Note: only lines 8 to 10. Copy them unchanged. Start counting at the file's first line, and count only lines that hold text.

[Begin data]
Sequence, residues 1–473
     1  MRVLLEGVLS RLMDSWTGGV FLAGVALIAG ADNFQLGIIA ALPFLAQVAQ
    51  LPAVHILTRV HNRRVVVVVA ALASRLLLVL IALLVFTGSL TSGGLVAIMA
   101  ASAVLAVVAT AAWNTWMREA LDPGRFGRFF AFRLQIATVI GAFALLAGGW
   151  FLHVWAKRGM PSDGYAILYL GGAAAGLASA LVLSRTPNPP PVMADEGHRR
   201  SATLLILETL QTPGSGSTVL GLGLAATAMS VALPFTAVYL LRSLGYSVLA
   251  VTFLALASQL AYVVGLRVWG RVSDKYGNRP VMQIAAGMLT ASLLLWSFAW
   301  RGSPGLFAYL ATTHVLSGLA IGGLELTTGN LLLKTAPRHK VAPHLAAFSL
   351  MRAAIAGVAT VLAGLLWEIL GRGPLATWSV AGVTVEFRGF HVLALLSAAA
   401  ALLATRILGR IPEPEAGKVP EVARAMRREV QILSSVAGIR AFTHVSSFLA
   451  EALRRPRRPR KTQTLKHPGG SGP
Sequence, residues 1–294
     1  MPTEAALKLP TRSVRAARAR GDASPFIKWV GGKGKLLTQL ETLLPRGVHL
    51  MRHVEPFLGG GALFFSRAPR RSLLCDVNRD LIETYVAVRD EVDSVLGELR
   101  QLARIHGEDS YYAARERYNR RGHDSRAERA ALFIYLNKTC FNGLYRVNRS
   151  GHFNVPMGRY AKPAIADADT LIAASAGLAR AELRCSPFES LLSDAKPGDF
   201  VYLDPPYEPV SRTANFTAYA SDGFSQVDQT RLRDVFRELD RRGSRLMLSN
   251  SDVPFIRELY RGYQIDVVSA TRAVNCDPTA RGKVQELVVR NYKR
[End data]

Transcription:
   301  RGSPGLFAYL ATTHVLSGLA IGGLELTTGN LLLKTAPRHK VAPHLAAFSL
   351  MRAAIAGVAT VLAGLLWEIL GRGPLATWSV AGVTVEFRGF HVLALLSAAA
   401  ALLATRILGR IPEPEAGKVP EVARAMRREV QILSSVAGIR AFTHVSSFLA